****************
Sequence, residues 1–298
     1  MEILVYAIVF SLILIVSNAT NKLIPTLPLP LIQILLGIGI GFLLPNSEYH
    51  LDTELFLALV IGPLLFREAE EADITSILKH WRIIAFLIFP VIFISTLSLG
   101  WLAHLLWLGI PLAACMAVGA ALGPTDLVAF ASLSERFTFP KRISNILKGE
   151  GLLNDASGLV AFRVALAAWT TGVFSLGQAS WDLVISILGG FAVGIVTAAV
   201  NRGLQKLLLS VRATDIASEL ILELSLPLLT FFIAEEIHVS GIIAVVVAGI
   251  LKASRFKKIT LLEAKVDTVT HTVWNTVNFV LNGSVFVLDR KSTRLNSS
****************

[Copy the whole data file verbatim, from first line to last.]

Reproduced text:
Sequence, residues 1–298
     1  MEILVYAIVF SLILIVSNAT NKLIPTLPLP LIQILLGIGI GFLLPNSEYH
    51  LDTELFLALV IGPLLFREAE EADITSILKH WRIIAFLIFP VIFISTLSLG
   101  WLAHLLWLGI PLAACMAVGA ALGPTDLVAF ASLSERFTFP KRISNILKGE
   151  GLLNDASGLV AFRVALAAWT TGVFSLGQAS WDLVISILGG FAVGIVTAAV
   201  NRGLQKLLLS VRATDIASEL ILELSLPLLT FFIAEEIHVS GIIAVVVAGI
   251  LKASRFKKIT LLEAKVDTVT HTVWNTVNFV LNGSVFVLDR KSTRLNSS